Honduras

June 15, 2012
Danielle Mackey

In the violent agrarian conflict in the Bajo Aguan region of Honduras, a new financial deal and continued eviction threats are catching the attention of the international community. 

June 4, 2012
Activists protested outside a May 7 event held by the Congressional Hispanic Leadership Institute to celebrate illegitimate Honduran leader Porfirio Lobo. As a result, EFE, a major Spanish news agency, filed a story on the gala with the headline (translated from Spanish): “Lobo seeks greater backing in the U.S., while activists organize protest.”
May 29, 2012
On May 3, World Press Freedom Day, the U.S. government condemned a litany of countries for the dangerous conditions in which journalists work. But Honduras was noticeably excluded from any official scrutiny. It seems safe to conclude that World Press Freedom Day is little more than a parade of double standards set by the United States, with media outlets serving as willing abettors.
May 24, 2012
It's obvious that the U.S. government has set the agenda for The New York Times’ coverage of Honduras. As a likely result of the State Department’s relative silence on the ongoing human rights crisis in that country, The Times has deprived its readers of crucial news that could have provided some context for a recent U.S.-Honduras drug raid that likely killed innocent civilians.
April 17, 2012
Annie Bird

Communities that suffered through the civil wars of the 1980s and 1990s are once again faced with violence as they defend their land against international interests. This article was published in the Spring 2012 issue of the NACLA Report on the Americas, "Central America: Legacies of War."

April 10, 2012
NACLA

NACLA presents its Spring 2012 Radio Podcast. Featuring content on Honduras, New York's Movement for Justice in El Barrio, Occupy Birmingham, and the Unidos student movement in Tucson, Arizona. You can now also subscribe to NACLA Radio.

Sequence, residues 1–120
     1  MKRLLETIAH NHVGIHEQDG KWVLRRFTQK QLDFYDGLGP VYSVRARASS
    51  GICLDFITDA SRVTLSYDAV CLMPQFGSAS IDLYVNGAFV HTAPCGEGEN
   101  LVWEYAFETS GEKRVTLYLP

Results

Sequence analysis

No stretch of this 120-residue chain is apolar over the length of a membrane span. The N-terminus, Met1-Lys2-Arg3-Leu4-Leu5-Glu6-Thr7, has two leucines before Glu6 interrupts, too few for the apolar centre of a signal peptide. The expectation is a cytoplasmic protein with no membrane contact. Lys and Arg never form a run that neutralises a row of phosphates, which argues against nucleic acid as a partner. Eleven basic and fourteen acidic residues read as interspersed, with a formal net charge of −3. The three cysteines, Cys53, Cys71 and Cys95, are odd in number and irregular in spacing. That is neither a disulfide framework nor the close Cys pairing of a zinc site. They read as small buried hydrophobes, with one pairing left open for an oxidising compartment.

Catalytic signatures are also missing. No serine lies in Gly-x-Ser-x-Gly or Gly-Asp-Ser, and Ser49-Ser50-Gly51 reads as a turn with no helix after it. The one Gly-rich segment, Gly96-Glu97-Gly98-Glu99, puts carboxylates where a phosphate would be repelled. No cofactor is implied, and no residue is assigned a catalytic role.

March 30, 2012
John L. Hammond

Even to many who paid attention to the rest of Latin America, Central America was terra incognita into the 1970s. I distinctly remember one night in the late 1970s when I pulled out the atlas and located the Central American countries in the very small area that they occupied on the continental map. This was the beginning of my intense engagement with Central America, and there was much more to learn.

March 23, 2012
Michael Fox

Thirty years ago, today, on March 23, 1982, Guatemalan general Efraín Ríos Montt overthrew President Romeo Lucas García. The new military junta suspended the Constitution, closed the legislature, and installed one of the bloodiest military regimes in Guatemalan history. Three decades later, for the first issue of our 45th anniversary volume, we look to the legacies of war in Central America.

March 9, 2012
Tim Russo

Over the weekend of February 18 and 19, in Tocoa, Honduras, more than 1,400 campesinos, indigenous people and their allies met to continue their fight against repression. Activists organized the international gathering in solidarity with Honduras to expose the rampant violations of human rights and the systematic killing of campesinos.

December 22, 2011
Alexander Main and Daniel McCurdy

The U.S. government has denounced the recent legitimate presidential election in Nicaragua, while supporing flawed elections in Haiti and Honduras over the last two years. While this U.S. policy may appear baffling, it begins to make sense when you consider the long-standing U.S. political agenda in the region.

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